Throughout the afternoon: My view out the window becomes increasingly orange. Intermittently, I hear vuvuzelas. I buy an orange T-shirt from one of the only shops open on Sundays. It is wrapped, and turns out to be way too large when I open it at home. I try to shrink it in the dryer and fail.
6:55 PM: We leave to find a restaurant to camp out at for the match. Across the street, a student house is blasting nationalistic marches over an impressive sound system. The streets are a sea of orange, and the Dutch have a certain tendency toward all-out costuming. It’s impressive.
6:56 PM: Tim returns to our apartment to retrieve the Dutch-English dictionary.
7:15 PM: An hour and a half before the match, the restaurant we chose has just one empty table, quite a distance from the TVs. We take it anyway, hoping we can move closer if others continue their festivities elsewhere. By 8:00 we have moved to a table much nearer the action. We eat vaguely Turkish food and sip dark Dubbel beers, while everyone else drinks the house tap, the watery yellow so popular here (at least at these type events).
8:15 PM: An impromptu marching band goes by, complete with two sousaphones. We watch some innovative locals perform acrobatic feats in order to hoist a chalkboard from their window proclaiming that they are selling beer for 1 Euro.
8:30 PM: The entire city sings the national anthem along with the televisions blasting out of every building on the street.
9:15 PM: Just before the scoreless half, a girl walks by wearing virtually nothing but with her entire body painted orange. Whistling ensues.
9:30 PM: Either gunshots or fireworks are going off very nearby. We do not investigate. Possibly unrelatedly, we then see the police escorting away a man in handcuffs. (This was the only such instance we saw all night.)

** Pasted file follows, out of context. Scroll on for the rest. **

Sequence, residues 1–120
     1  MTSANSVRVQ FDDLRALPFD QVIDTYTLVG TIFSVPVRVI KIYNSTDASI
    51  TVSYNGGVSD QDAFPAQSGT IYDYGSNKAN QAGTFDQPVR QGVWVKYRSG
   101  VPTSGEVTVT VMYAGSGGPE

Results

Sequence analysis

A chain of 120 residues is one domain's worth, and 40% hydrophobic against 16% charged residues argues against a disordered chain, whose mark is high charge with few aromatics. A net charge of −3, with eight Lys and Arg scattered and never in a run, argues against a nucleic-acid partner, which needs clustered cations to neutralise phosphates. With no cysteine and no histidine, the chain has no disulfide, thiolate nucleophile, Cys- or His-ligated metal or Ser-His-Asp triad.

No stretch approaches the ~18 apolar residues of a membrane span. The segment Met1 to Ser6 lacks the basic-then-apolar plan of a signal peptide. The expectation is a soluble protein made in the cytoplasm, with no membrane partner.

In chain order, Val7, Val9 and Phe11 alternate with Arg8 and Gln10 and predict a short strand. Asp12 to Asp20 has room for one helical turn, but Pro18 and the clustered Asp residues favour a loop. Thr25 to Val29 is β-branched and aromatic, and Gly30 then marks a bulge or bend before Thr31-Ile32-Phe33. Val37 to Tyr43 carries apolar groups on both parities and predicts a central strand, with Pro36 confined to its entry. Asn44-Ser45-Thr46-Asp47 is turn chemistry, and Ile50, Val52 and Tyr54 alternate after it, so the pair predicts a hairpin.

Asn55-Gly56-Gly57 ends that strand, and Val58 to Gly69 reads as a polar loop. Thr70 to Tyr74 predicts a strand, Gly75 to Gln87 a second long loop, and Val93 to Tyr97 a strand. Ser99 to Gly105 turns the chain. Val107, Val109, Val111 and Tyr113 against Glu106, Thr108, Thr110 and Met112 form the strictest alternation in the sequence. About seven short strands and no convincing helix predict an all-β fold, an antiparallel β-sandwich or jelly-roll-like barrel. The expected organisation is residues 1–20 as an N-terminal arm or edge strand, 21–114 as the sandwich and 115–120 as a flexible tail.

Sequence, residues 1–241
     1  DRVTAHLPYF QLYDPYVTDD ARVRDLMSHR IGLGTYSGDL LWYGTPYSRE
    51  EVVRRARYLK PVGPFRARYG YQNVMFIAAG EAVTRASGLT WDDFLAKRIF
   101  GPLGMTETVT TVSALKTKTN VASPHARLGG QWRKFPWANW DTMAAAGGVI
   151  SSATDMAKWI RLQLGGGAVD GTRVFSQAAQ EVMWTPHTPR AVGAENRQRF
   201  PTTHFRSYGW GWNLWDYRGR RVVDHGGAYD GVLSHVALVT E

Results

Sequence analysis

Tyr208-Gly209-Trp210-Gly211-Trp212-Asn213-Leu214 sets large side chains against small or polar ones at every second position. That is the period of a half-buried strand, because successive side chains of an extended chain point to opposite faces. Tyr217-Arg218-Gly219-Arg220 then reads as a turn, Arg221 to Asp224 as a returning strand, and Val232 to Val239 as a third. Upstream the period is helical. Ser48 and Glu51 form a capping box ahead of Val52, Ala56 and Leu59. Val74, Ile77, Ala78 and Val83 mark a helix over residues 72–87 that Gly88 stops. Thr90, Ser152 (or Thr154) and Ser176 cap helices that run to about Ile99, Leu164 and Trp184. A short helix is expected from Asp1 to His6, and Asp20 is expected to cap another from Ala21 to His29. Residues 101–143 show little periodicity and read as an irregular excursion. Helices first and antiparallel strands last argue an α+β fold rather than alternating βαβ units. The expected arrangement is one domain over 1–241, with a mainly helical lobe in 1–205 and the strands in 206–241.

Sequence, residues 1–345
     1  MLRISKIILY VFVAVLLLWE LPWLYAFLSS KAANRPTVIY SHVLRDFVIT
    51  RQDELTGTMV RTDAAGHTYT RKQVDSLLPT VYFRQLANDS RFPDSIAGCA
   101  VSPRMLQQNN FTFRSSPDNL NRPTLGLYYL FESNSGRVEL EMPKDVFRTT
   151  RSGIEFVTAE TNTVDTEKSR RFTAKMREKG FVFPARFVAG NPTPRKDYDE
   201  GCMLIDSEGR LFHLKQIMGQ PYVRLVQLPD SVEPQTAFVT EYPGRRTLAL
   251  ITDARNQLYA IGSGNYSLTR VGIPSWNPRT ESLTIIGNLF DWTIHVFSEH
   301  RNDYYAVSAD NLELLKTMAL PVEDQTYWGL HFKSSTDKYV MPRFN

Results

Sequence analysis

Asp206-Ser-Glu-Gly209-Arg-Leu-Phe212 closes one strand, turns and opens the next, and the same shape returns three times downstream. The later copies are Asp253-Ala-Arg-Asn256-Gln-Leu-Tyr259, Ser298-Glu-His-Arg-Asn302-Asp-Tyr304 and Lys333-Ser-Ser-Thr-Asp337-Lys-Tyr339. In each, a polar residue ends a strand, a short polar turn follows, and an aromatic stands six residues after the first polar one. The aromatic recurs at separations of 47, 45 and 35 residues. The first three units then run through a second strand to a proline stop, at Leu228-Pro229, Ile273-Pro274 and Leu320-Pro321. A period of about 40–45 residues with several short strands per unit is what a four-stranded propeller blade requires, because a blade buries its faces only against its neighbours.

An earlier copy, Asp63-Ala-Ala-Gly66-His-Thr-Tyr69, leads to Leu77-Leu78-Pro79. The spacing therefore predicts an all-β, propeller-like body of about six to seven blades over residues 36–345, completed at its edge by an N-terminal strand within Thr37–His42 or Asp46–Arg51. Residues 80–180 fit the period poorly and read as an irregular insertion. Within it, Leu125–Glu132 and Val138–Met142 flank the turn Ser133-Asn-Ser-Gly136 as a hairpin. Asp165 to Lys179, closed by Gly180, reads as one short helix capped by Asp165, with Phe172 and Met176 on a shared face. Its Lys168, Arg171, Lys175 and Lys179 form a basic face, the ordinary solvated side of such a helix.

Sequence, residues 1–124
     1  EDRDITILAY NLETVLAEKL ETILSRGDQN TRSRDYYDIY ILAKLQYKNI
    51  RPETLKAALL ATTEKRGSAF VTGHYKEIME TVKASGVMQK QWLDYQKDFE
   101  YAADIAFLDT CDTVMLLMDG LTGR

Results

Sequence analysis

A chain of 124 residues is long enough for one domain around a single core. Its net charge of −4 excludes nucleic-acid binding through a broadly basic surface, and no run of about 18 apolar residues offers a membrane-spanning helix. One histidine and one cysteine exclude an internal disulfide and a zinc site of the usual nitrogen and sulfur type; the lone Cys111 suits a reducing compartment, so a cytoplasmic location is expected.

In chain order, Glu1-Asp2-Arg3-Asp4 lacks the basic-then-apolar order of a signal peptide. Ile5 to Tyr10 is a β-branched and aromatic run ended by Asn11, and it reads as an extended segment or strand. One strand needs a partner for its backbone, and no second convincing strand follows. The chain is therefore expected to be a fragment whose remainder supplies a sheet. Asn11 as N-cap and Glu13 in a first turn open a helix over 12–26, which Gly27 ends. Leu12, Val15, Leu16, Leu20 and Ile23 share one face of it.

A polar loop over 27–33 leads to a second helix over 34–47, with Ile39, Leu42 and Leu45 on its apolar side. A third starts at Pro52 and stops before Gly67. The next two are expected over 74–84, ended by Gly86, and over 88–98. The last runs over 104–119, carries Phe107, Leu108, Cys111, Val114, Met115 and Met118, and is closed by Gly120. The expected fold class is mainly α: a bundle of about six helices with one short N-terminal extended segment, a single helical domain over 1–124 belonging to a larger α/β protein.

10 PM: I go to use the ladies room, and find I am sharing it with a man.
10:50 PM: When the red card is handed out, the crowd gets restless and angry. One hundred and twenty minutes after the match began, Spain wins the World Cup.
When Spain scored the only goal of the match in the second half of extended play, it was so quiet here that at first I thought nothing had happened. People were stunned, and sad, and everyone seemed to know it was probably over. When the whistle blew, people simply rose from their chairs, settled their tabs, and headed home. The streets were eerily silent and calm. I didn’t see angry mobs, or drunken riots. People who had bought fireworks to celebrate set them off anyway, so the sky near the train station was lit up briefly. It was a sad night in Holland.
This morning at the immigration office where we applied for our resident card, the employee asked us if we had watched the match. He didn’t complain or vent or protest the outcome; he simply said he was disappointed, and hopes they can win the next time. He said, and I agreed with him, that there is nothing like this in America: each city has its own team; each group prefers one sport or another; you never see the entire country as worked up over a game as we saw here last night.
When we were preparing to move here and the World Cup was in its early stages, it never truly crossed my mind that the Netherlands might win. I only hoped that they would last long enough that we might watch a game while living in the country. As the finals got closer my hopes rose higher. The loss to Spain was anticlimactic, but I am reminding myself that in the end, we got our initial wish, and it was more exciting than I could ever have guessed.